FOR IMMEDIATE RELEASE
DETROIT, MI -- A federal district judge today blocked the country's first-ever law requiring welfare recipients to undergo drug testing, saying that the policy, enacted by Michigan last year, sets a "dangerous precedent" under the Constitution.
The ACLU of Michigan and the national ACLU Drug Policy Litigation Project, which filed a 1999 challenged to the law on behalf of nine welfare recipients and a local rights group, called the decision a welcome check against authoritarianism gone awry.
"The court today reaffirmed the important constitutional principle that all people, rich and poor, are entitled to the same privacy rights," said ACLU Executive Director Kary L. Moss. "No one should have to choose between their constitutional rights and providing for their families."
U.S. District Judge Victoria Roberts found that the ACLU was likely to succeed on the merits of its claim because the Constitution allows random, suspicionless testing only under very limited circumstances.
The state has said it plans to appeal the order; however, today's ruling will prevent any drug testing from taking place until all appeals by the state are exhausted.
Rejecting the state's argument that the desire to move people from welfare to work justified suspending their rights under the Fourth Amendment, Judge Roberts recognized that the Supreme Court has allowed testing in very limited circumstances, such as where public employees operate trains, carry firearms, are involved in the interdiction of controlled substances, or in the case of student athletes.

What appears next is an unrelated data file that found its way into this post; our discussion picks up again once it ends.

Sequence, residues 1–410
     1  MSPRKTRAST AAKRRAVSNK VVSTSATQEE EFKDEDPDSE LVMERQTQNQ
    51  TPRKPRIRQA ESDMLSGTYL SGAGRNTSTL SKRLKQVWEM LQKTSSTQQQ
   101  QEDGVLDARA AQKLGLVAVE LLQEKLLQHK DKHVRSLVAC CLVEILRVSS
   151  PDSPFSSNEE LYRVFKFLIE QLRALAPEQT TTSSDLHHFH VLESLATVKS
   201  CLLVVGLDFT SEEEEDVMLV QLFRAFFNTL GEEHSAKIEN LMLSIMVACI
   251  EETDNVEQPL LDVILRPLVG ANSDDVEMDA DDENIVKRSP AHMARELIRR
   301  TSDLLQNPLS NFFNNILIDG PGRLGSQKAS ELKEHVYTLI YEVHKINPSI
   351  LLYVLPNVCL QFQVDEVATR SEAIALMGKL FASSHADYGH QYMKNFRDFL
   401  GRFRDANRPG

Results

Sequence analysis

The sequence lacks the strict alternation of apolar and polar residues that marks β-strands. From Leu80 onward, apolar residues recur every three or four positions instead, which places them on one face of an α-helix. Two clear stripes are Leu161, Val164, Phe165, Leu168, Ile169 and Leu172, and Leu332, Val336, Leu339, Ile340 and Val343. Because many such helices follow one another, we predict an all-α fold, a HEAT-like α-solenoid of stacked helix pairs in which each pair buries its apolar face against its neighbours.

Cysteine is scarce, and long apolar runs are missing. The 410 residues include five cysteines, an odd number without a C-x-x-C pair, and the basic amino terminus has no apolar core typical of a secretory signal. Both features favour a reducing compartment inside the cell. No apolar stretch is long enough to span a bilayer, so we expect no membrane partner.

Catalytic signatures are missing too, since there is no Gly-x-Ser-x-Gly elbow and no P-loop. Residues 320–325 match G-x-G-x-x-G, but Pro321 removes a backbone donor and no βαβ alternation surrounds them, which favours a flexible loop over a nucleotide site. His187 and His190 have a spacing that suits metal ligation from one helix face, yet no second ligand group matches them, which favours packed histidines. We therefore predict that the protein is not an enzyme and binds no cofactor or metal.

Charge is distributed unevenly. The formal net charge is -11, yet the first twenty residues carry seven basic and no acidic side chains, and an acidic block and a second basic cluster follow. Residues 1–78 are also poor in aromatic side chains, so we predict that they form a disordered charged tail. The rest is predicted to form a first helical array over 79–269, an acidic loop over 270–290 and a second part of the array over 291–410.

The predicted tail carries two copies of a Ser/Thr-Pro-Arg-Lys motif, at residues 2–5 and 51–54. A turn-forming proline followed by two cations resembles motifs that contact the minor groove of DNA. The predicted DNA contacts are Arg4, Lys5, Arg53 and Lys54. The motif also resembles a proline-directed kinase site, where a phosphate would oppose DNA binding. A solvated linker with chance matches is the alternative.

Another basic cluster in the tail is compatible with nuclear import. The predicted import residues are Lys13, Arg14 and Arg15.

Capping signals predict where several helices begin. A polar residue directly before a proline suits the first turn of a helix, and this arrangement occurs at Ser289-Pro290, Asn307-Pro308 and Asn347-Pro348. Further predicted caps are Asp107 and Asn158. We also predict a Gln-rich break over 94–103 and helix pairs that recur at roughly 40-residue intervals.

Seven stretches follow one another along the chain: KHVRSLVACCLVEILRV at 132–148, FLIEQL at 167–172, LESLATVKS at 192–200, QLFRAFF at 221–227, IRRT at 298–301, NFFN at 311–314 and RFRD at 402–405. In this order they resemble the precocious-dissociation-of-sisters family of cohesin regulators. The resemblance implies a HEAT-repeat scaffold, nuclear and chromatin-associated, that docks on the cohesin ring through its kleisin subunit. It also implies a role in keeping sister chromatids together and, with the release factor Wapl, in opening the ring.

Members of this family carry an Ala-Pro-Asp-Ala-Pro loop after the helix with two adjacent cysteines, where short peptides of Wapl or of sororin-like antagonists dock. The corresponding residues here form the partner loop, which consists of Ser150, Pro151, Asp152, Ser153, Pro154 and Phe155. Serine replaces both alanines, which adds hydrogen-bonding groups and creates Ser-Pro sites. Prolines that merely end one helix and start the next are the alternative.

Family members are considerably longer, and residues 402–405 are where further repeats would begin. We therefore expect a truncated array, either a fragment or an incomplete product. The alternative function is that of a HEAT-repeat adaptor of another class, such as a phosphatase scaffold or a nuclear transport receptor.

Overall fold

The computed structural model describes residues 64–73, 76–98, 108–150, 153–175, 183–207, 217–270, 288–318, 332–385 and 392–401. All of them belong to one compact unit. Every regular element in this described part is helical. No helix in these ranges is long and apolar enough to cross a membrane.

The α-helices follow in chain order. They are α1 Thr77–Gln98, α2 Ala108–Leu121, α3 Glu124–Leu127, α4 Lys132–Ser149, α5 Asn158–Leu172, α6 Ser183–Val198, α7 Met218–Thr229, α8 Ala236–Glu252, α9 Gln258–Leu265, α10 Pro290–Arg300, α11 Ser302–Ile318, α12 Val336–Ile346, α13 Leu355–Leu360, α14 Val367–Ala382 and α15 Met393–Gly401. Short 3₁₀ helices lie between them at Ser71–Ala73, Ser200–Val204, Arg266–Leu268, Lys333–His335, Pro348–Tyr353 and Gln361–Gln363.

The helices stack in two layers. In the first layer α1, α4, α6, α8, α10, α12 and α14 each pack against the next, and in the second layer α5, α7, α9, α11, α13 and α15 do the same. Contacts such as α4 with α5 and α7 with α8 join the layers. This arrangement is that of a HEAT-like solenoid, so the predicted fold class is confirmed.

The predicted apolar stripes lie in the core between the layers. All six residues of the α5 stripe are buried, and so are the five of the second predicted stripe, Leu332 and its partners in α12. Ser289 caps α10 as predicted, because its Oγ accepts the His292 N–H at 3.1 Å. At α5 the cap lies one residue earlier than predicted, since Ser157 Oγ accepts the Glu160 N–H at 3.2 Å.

In a 22-page ruling, Judge Roberts said that "upholding this...suspicionless drug testing would set a dangerous precedent" and that "drug testing under these circumstances must satisfy a special need, and that need must concern public safety."
If the state is allowed to drug test welfare recipients by virtue of its advocacy on behalf of minors, Judge Roberts reasoned, "that excuse could be used for testing the parents of all children who received Medicaid, State Emergency Relief, educational grants or loans, public education or any other benefit from that State."
Although the state argued that drug testing was necessary because substance abuse and child neglect are highly correlated, the court noted that the point of the Temporary Assistance for Needy Families program and Family Independence Program is not to prevent child abuse or neglect.
"Michigan stands alone in making its families guinea pigs in a social experiment," said Graham Boyd, Director of the ACLU's Drug Policy Litigation Project. "Now a federal judge has found that this dubious plan is likely to be unconstitutional."
Michigan was the first state in the country to pass a law requiring drug testing of welfare recipients. The law created a pilot program which required drug testing and treatment for welfare applicants in Alpena and Presque Isle Counties, Berrien County and the Joy/Greenfield district of Wayne County. The legislature also provided that the pilot program would be expanded across the state by April 2003.
The program went into effect on October 1, 1999, but was blocked by a Temporary Restraining Order on November 10, 1999.
Those who tested positive would have been required to participate in substance abuse assessment and comply with a required substance abuse treatment plan. Applicants who refused to submit to drug testing would have had their application for assistance denied.
Additionally, after six months -- or in April 2000 -- 20 percent of adults and minor parent grantees with active cases up for redetermination would have been randomly selected for testing.
The case is Marchwinski et al., v. Family Independence Agency, et al. Attorneys in the case are Moss and Graham Boyd of the ACLU; Prof. Robert A. Sedler of Wayne State University Law School in Detroit and David R. Getto and Cameron R. Getto of Southfield, as cooperating attorneys.